Dating off debt
In other words, your required minimum payment is $400 per month.
Dozens of offenders were arrested in May following an investigation by the Southeast European Law Enforcement Center into an alleged customs fraud.
The organisation, which comprises 12 member states, said at the time: 'The offenders choose the Bitcoin way of investing/saving the money, because it is rather difficult to be tracked and followed.' The virtual currency is made up of lines of computer code which are digitally signed each time they travel from one owner to the next.
If you are near retirement or have already retired, you don't want debt hanging over your head.
But if you haven't been able to pay off those nagging credit card bills, you may be wondering if you should dip into retirement money to rid yourself of those debts. Paying debt In most cases, it's a bad idea to drain your 401(k), IRA or other retirement assets to eliminate credit card obligations.
Users often combine their processors virtually to work together completing millions of calculations per minute between them.
But if you've already retired, you can't borrow money from an employer-sponsored retirement account, such as a 401(k), 403(b) or 457 plan.So this strategy will only work for people who are still gainfully employed and whose retirement plans at work permit borrowing. You've got $20,000 worth of credit card debt and that 15 percent interest isn't making it any easier to pay off.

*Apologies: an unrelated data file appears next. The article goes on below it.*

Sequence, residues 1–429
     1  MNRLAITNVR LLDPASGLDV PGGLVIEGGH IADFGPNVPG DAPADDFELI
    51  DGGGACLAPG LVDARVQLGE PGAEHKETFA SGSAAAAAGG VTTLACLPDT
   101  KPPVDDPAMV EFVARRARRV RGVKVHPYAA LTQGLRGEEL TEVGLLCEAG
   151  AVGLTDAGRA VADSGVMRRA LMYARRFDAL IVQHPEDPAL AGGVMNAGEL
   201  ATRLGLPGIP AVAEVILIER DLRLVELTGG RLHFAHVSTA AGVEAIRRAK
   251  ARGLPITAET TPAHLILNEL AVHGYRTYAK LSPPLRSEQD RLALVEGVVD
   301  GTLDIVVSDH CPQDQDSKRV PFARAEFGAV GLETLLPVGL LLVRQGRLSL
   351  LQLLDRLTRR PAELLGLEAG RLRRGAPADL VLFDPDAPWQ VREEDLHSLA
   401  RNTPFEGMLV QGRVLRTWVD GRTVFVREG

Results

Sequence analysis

The question is: how should you go about doing this?It can be bought and sold using regular cash, but the actual coins exist only in cyberspace in the form of a numerical code.Once purchased, they can be exchanged for some goods and services, like normal money or transferred into other currencies.But the surging value of Bitcoin means that the haul of 213,519 is now worth a staggering $3.3billion.That is enough to pay off almost a quarter of Bulgaria's national debt, although it is not known what the authorities have done with the currency.Your credit card company only requires that you pay 2 percent of the outstanding balance each month.